Santa Needs a Raincoat as Pre-Christmas Storm Likely to Be Wet
It's beginning to lot a lot like a green but very cold Christmas from the end-of-the week storm that was threatening holiday travel plans on the Seacoast and around the northeast.
There is still room for the forecast to change, but meteorologist Jon Palmer at the National Weather Service in Gray, Maine, is confident that the storm will draw in warm air, making it a mostly rain weather event.
"For the Seacoast, the thing that we're most certain about is the precip type from this system, and it's going to be all rain. Maybe parts of interior Rockingham County could start as snow. But eventually this is going to be something where everyone's supposed to be going to rain. All the models seem to be pretty confident on that," Palmer told Seacoast Current.
The models also agree it could be a heavy rain, with potentially 2-3 inches falling between Thursday night and Saturday morning.
Palmer is less certain of how windy it could get, especially along the immediate coast. Winds could blow at between 40 and 50 mph, creating the potential for isolated power outages.
"On top of that, we also have record high tides coming in as well, which poses a threat for coastal flooding. That's the type of that's more of the type of stuff that's up in the air, as well as rainfall amounts," Palmer said.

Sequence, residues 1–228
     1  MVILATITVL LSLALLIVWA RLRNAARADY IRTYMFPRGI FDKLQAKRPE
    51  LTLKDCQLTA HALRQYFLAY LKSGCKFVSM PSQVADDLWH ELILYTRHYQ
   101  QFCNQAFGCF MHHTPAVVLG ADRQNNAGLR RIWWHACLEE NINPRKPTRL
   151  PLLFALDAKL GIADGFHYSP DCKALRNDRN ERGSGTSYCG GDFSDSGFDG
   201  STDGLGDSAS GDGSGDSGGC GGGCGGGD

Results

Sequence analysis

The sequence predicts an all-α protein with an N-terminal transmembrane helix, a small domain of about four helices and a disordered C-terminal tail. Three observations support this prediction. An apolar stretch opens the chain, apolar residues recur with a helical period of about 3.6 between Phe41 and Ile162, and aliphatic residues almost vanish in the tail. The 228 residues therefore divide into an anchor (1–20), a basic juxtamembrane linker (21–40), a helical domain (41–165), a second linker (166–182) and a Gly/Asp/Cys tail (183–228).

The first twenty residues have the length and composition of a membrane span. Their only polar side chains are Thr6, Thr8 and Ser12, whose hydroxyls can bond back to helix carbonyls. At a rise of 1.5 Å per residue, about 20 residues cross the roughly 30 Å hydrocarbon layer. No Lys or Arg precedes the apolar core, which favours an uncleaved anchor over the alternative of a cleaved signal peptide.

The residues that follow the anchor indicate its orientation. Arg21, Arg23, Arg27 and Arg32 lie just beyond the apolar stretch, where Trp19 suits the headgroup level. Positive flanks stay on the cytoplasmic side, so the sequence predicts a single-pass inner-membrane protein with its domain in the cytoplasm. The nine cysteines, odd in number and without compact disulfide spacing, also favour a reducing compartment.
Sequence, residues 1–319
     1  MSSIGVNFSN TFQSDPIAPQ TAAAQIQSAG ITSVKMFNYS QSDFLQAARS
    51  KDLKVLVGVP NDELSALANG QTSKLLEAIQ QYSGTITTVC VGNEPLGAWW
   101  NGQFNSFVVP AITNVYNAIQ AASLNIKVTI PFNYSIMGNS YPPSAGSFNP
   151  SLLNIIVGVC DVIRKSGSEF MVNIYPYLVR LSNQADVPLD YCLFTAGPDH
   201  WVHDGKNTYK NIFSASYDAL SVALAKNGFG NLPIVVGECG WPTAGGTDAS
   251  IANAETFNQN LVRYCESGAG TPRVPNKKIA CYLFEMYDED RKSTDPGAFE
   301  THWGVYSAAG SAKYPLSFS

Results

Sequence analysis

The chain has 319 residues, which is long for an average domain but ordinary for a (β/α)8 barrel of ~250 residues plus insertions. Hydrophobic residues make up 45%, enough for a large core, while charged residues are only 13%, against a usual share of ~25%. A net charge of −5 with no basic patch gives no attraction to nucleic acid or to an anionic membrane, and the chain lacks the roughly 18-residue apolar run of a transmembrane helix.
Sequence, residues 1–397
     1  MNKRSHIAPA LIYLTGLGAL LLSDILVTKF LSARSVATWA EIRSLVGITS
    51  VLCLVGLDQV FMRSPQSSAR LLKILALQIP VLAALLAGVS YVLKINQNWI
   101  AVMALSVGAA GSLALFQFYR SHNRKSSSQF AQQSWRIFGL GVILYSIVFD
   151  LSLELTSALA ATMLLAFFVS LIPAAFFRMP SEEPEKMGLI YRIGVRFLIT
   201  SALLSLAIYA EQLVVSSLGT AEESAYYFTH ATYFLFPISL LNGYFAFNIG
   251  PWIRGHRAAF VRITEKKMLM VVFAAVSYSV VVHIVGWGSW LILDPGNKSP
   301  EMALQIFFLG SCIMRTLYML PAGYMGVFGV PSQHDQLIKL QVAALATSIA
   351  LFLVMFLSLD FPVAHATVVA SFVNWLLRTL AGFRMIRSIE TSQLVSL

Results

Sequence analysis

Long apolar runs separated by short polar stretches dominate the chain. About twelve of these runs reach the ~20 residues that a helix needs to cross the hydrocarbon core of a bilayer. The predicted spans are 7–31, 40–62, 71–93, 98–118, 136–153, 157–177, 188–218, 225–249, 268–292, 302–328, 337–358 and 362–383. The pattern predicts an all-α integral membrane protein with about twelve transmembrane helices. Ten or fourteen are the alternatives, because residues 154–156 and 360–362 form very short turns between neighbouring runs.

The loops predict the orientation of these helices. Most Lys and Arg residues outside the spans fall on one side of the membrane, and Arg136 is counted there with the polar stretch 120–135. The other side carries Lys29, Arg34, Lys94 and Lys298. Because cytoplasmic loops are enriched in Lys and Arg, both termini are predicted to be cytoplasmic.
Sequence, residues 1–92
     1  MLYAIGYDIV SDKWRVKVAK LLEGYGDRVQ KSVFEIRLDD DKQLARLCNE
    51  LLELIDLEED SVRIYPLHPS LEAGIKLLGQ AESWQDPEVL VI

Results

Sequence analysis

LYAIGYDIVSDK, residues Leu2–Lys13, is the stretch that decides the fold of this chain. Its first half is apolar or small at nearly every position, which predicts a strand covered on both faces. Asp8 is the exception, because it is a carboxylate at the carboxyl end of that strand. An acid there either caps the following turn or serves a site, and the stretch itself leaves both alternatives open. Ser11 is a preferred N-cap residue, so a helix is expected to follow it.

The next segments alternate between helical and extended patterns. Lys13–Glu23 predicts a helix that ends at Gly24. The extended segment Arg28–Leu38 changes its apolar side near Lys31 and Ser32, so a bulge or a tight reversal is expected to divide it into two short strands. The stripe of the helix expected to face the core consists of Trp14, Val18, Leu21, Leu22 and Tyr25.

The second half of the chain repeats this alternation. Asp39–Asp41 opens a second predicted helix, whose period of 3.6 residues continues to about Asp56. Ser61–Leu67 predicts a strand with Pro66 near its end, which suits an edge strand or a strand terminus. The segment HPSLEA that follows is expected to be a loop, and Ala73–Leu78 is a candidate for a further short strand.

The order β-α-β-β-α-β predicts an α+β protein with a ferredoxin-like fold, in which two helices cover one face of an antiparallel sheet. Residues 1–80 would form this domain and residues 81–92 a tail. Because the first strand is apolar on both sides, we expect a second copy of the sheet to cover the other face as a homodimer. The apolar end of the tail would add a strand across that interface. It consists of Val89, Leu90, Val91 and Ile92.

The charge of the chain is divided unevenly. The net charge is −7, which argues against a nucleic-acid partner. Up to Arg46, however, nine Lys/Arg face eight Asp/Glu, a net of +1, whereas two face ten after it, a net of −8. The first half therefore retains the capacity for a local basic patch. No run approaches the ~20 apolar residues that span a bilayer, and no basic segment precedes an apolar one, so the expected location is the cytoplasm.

Temperatures will rise into the 50s on Friday throughout the Seacoast region. And then the bottom falls as temperatures drop Friday night, which could bring some light snow as the storm tapers off.
Hot Chocolate for Santa
Palmer expects high temperatures on Saturday, Christmas Eve, to be only in the 30s and mid-teens as Santa makes his rounds at night, while cold air is dragged across the country from west to east.
"There's going to be this very, very large funnel of extremely cold air that's going to rush down into the northern plains," Palmer said. "That cold air is going to kind of nudge down through most of the country."